FUSE FLESH CRITICALLY
School conjuration (healing); Level alchemist 4, bard 4, cleric/oracle 4, druid 5, inquisitor 4, witch 5
This spell functions as cure critical wounds, but the healing causes unbearable pain and horrific disfigurement, causing 4 points of Charisma drain.
FUSE FLESH CRITICALLY, MASS
School conjuration (healing); Level cleric/oracle 8, druid 9, witch 9
This spell functions as mass cure critical wounds, but the healing causes unbearable pain and horrific disfigurement, causing 4 points of Charisma drain to each creature affected by this spell.
School conjuration (healing); Level cleric/oracle 5
This spell functions as breath of life, but the subject pays a horrific price for their flirtation with death, as this spell effects torturous alterations to their body so that it continues to function, causing 5 points of Charisma drain.
School conjuration (healing); Level alchemist 6, cleric/oracle 6, druid 7, inquisitor 6, witch 7
This spell functions as heal, but the spell wreaks havoc on the target’s body, wildly reshaping it while repairing damage, causing 6 points of Charisma drain.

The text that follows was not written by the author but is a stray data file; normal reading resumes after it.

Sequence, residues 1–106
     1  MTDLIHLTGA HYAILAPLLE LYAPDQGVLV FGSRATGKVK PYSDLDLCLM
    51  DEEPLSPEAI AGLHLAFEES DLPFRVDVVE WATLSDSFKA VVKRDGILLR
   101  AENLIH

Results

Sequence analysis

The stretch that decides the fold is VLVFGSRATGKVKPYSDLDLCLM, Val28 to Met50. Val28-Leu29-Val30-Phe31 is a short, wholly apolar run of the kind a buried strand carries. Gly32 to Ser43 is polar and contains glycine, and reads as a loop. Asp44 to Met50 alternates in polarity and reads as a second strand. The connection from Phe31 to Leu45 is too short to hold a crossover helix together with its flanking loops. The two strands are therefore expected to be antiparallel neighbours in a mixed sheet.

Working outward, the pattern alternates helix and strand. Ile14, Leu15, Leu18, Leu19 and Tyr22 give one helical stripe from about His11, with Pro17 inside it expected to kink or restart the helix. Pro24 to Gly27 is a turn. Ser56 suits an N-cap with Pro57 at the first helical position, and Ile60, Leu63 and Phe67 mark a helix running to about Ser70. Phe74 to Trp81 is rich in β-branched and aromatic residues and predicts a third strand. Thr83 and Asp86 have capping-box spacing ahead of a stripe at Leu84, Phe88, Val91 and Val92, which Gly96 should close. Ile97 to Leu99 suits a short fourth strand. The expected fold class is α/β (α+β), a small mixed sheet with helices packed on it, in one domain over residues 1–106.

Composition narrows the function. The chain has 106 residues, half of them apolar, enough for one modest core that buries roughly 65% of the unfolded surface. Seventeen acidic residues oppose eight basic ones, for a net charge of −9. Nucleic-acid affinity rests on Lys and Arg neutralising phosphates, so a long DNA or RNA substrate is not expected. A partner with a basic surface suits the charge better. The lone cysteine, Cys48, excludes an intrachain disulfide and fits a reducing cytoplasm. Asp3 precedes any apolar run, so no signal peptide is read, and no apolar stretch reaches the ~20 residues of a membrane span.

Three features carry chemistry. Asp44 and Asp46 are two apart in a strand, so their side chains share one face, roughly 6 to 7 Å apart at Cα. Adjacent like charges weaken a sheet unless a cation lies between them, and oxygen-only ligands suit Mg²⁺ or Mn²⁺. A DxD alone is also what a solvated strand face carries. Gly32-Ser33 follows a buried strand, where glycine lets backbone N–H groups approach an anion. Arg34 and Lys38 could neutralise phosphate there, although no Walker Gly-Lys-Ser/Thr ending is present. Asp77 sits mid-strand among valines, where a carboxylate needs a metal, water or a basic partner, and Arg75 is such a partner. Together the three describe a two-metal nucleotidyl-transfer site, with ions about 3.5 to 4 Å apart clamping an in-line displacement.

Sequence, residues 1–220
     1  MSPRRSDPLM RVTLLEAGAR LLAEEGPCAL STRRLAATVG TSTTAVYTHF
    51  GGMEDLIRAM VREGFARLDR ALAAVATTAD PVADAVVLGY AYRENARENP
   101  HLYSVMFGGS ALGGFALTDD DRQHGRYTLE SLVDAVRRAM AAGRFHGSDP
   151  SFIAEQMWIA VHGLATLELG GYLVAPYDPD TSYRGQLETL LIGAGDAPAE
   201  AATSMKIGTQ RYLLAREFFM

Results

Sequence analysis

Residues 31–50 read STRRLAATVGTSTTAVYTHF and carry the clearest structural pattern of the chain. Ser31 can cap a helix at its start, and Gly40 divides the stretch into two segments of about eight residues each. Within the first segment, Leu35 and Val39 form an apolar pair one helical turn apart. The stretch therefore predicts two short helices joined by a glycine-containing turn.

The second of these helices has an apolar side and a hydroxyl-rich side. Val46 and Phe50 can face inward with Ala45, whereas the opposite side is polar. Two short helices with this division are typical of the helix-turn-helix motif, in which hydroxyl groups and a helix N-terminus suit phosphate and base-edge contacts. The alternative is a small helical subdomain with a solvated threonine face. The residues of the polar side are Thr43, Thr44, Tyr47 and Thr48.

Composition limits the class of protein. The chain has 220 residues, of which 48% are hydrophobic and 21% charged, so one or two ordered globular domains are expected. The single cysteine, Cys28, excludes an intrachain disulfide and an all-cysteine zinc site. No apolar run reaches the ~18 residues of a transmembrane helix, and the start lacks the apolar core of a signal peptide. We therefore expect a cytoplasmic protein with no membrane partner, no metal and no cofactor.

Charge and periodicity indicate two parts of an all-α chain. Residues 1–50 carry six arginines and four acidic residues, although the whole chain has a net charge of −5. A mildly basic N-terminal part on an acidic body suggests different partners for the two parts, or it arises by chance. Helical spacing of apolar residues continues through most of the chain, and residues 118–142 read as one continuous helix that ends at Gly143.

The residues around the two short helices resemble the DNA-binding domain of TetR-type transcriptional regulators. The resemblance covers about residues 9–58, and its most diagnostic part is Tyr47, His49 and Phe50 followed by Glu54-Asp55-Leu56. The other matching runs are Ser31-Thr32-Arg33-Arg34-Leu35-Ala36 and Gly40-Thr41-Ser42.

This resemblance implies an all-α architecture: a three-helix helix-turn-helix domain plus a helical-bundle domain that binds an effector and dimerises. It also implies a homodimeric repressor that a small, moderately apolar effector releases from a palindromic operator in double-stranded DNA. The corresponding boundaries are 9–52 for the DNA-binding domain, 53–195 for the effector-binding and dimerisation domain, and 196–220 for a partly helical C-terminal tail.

ANGUISHING HEAL, MASS
School conjuration (healing); Level cleric/oracle 9
This spell functions as mass heal, but the spell wreaks havoc on the target’s body, wildly reshaping it while repairing damage, causing 6 points of Charisma drain.
School conjuration (healing); Level cleric/oracle 7, druid 9, witch 7
This spell functions as regenerate, but the regrown limbs and organs are incorrect for the affected creature, (though they still function normally), causing 7 points of Charisma drain.
Of course, just having these spells is only half of the equation. After all, these are the spells of twisted healing that an evil deity of fleshwarping and mutation would use, right? Well, in the Pathfinder pantheon, that would fall to Lamashtu, the Mother of Monsters.
Except…Lamashtu is an imperfect fit. Yes, she’s the patron deity of twisted and warped creatures, but there’s no healing aspect to her; for her it’s about birthing malformed creatures rather than twisting existing creatures to become that way. She doesn’t even have the Healing domain.
It’d be slightly cumbersome to add a completely new deity just for this, particularly when Lamashtu is so close to what we’re looking for already. Luckily, there’s a way to have our cake and eat it to – by taking a page out of Alluria Publishing’s Cerulean Seas sourcebook/campaign setting, we can create a new dedicated to an aspect of Lamashtu that’s different from her “traditional” aspect.
Domains Animal, Evil, Protection, Strength, Twisted Healing
Subdomains Fur, Defense, Ferocity
Favored Weapon natural weapon or dagger
Symbol Variations A smaller animal skull, held (but not crushed) in the jaws of the larger animal head